Tuesday, June 23, 2009

Smuttynose Brewing Builds its Dream House - Part 3 - Our Criteria

At the end of the last post, I said that I’d next write about our exploration of the mills in Newmarket. I lied.

It has occurred to me that now would be a good time to lay out the criteria that a new Smuttynose facility must meet. They are straightforward and relatively simple, but once you spell them out, you can see how some locations easily meet most of these requirements, but how few locations truly meet all of them.

In simple terms, a new Smuttynose brewery must meet five basic criteria:
1.) Space - we’ve been running out of room here on Heritage Avenue for a long time. The first post in this blog described the reasons for this. Starting with 12,500 square feet in 1994, we doubled our space when we took over our entire building in 2006. We’ve also constructed several additions to the outside of our building to house new tanks, and this summer we're raising the roof to accommodate still more tanks. Before the year is out, we’ll be forced to lease off-site warehouse space as well. You get the picture: the simple fact is we need a bigger facility.
2.) Energy efficiency - the building we currently occupy is appallingly inefficient, from an energy standpoint. But more than that, the way our brewery is engineered is also quite wasteful. Here’s a simple example: during the winter, even during the coldest weather, our fermentation tanks are cooled using a big, industrial chiller which throws off a considerable amount waste heat into the atmosphere, while at the same time we’re running space heaters indoors to warm up the building! We can design amazing efficiency into a new facility by taking advantage of simple synergies between the different parts of our process and the structure itself. “Waste” heat is no longer a waste product, but a way of preheating our brewing water. Interior spaces that need to be cooled can be done naturally in the wintertime. Daylight can be brought into interior spaces, reducing the need for electric lighting. Simple stuff, but difficult to implement in an existing facility, especially one where the landlord has no incentive or desire to participate.
Much ink has been spilled about our efforts to build a “green” facility and seek LEED certification. Frankly, the direction we’re taking is one we embarked on some time ago. Most of the choices we’re making are driven by common sense and a desire to be part of the solution, not part of the problem. Plus, in addition to reducing our footprint, we stand to save a good deal money operating our new brewery, which will help us become more competitive.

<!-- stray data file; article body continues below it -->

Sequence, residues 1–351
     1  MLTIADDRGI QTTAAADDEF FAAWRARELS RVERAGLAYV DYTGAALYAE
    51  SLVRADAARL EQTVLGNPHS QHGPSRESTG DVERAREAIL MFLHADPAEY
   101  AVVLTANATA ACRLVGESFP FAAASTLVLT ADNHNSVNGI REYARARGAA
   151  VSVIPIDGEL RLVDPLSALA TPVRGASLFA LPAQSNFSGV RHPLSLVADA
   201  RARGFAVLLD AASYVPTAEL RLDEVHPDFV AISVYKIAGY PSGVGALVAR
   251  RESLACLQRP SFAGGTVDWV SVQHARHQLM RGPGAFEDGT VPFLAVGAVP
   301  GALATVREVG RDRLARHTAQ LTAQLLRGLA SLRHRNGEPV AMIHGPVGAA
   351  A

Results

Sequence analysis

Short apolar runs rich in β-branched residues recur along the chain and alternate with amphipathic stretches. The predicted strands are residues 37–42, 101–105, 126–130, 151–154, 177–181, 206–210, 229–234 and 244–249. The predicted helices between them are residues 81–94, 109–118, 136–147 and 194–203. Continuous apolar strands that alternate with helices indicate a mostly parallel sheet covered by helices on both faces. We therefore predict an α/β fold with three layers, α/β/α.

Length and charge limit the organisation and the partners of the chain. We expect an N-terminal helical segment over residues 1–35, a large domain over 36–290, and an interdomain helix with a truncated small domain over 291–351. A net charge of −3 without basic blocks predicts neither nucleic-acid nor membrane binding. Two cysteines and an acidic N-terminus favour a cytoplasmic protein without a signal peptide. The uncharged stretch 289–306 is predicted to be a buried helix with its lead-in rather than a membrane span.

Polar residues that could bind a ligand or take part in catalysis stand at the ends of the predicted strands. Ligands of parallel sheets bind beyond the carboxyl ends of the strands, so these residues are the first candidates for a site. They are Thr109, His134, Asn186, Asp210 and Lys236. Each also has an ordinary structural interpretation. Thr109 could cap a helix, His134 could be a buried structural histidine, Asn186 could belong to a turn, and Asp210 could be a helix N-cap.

3.) Logistical efficiency - In our existing brewery, the inflow of raw materials & packaging and the outflow of finished products & waste material is not nearly as efficient as it should be. This really didn't matter much as long as we were producing a small amount of beer in a relatively small space, but what used to be mildly inconvenient has the potential to cripple us as we grow. A purpose-built facility designed with process flow in mind will improve our productivity in significant ways both large and small.
4.) Public Access - We want to build a brewery that is a visitor-friendly destination, a place where we can offer tours and share the craft of artisanal brewing with people who enjoy our beers. As longtime brewpub operator through our sister company, the Portsmouth Brewery, we have always wanted to operate an onsite restaurant & pub, as well. Put another way, the site has to have sex appeal. Some places have it; some don’t. And usually you know before you’ve even set foot out of your car. Unfortunately, the places with the most romance tend to fall short in other areas.
5.) Favorable Zoning - As we've learned though sad experience, few things get people’s undies knotted up like a good old-fashioned zoning dispute. Because of our project’s particular needs, we must choose a site that is zoned to permit both light manufacturing and commercial uses. And that, my friends, is easier said than done, as you will see when we talk about our experience trying to build a new brewery in our home town of Portsmouth. But that comes later.
In conclusion... Using these five criteria, it is easy to grade each of the locations we’ve considered over the years. Some had the potential for space and efficiency, with absolutely no charm. On the other hand, some sites were dripping with romance but failed on every other count. The old Frank Jones brewery buildings were a good example of this. Existing structures, especially old mills, do not lend themselves well to logistical efficiency and good process flow. And any city officials or politicians who say they can “fix” problematic zoning restrictions to fit your plans is blowing smoke up your skirt. It’s never that easy - run the other way!
Next time, we’ll travel back to Newmarket in 2003.


  1. Thanks for taking the time to share your story.
    It is an interesting and informative read.

    This story of site selection is, I believe, worthy of greater distribution. Your definition of fundamental requirements for a site that can work for you and your story of how you arrived at your current site are matters of wider interest among other business owners contemplating expansion and among those interested in commercial real estate.

    Will you be addressing your building requirments in a similar way in upcoming blogs?

  2. Thanks for your comment. Yes, once the narrative regarding site selection is complete, I'll embark on a detailed discussion of the building itself and the many factors that have influenced its design.

  3. Please comment regarding your experience with the various Newmarket boards-good,bad or other